@fernandomaroto So those developers added code, so their usernames would pop up depending on a sequence of actions = Easter egg! since “The LightDMMock project is tightly based on the source C code of Antergos’ lightdm-webkit2-greeter”, then it makes sense, and you may be right, or it may be possible that he or they worked on the original Antergos greeter. I am not an insider, so I wouldn’t know that either way.
So I would have to make an educated guess that it is in fact just a harmless Easter Egg, which was put there for fun. If it does involve some malicious code, then putting in their real user names would be a sure fire way to ensure that they get caught, and they would have to be pretty stupid to do that considering the possible consequences. In some countries you can go to jail for that.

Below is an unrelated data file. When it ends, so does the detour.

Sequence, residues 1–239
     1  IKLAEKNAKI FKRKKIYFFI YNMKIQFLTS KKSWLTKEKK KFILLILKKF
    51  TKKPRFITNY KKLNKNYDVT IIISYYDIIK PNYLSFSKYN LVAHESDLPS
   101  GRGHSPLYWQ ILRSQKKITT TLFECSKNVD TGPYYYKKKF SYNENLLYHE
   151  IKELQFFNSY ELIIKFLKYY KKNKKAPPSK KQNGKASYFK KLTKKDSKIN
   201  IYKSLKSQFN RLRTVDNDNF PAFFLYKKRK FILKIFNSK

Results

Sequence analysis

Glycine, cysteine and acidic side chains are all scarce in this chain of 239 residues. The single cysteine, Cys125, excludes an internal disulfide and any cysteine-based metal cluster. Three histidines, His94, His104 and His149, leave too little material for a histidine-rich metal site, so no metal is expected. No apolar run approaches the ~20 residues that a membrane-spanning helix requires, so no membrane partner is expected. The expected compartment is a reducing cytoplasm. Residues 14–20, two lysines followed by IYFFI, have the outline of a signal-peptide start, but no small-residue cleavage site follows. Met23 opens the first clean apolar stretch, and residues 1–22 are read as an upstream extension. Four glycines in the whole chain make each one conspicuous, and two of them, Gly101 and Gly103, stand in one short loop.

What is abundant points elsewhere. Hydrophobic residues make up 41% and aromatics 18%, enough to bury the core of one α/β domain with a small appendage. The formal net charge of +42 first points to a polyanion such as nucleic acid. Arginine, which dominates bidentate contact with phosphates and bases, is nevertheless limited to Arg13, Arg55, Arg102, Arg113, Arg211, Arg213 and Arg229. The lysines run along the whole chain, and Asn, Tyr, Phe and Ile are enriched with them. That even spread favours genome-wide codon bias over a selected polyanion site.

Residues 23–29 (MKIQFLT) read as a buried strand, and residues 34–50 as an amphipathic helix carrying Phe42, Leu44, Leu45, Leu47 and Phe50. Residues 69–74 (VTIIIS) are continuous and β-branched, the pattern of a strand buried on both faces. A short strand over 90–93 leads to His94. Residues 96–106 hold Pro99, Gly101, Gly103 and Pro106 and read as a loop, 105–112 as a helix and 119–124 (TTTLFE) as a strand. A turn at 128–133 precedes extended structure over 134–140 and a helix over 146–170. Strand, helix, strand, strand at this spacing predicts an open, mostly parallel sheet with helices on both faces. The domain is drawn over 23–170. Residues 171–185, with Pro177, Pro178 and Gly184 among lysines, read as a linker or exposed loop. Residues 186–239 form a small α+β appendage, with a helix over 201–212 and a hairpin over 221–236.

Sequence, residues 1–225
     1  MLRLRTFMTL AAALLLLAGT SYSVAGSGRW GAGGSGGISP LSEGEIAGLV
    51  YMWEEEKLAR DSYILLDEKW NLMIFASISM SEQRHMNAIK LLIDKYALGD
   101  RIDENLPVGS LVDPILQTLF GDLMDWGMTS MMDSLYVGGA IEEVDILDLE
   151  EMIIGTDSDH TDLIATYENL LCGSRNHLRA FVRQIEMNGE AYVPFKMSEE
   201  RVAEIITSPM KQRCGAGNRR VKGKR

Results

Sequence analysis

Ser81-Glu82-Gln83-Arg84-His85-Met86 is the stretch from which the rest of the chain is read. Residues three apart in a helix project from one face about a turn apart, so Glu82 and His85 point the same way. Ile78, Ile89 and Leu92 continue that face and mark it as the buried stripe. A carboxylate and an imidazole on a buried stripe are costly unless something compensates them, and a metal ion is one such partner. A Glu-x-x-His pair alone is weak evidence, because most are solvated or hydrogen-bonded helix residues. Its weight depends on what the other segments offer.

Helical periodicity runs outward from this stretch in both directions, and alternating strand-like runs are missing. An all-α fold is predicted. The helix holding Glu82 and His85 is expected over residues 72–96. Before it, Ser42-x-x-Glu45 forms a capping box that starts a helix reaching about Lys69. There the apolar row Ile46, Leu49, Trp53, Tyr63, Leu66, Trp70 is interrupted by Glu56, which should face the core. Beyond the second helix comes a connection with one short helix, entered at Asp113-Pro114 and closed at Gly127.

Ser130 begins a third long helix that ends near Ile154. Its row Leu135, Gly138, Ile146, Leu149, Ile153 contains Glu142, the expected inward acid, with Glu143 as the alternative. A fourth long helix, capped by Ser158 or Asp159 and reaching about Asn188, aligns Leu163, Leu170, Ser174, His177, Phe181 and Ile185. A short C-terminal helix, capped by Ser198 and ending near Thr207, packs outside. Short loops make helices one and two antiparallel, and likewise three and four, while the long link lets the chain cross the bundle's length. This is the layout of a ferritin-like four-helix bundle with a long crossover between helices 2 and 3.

@blinky could isolate his personal data, or back it up to be safe, add some dummy files and folders, and run it for a while, just to see if something malicious does take place, as well as try to retrace his steps and find out just what sequence of events triggers it, if it has not been deactivated or auto destructed itself.
Either way sounds like a mystery someone with the skills would love to crack.
I have never run into an Easter egg myself by accident, but have read about them, and some were well documented once people figured out how to trigger them. In Microsoft products there were quite a few, that were put in with Bill Gates blessings. If you followed the steps correctly to invoke one, you could see them in action. One was animated and even had music. There was one on early mac pc’s that ran a funny Apple advertisement… It is very common to list developer and project team members handles.
I have been messing with computers since 1978 (hardware side) and they are just a way of saying: “Hello world, we made this”.
The flazzum you spizz, the zoider you splat!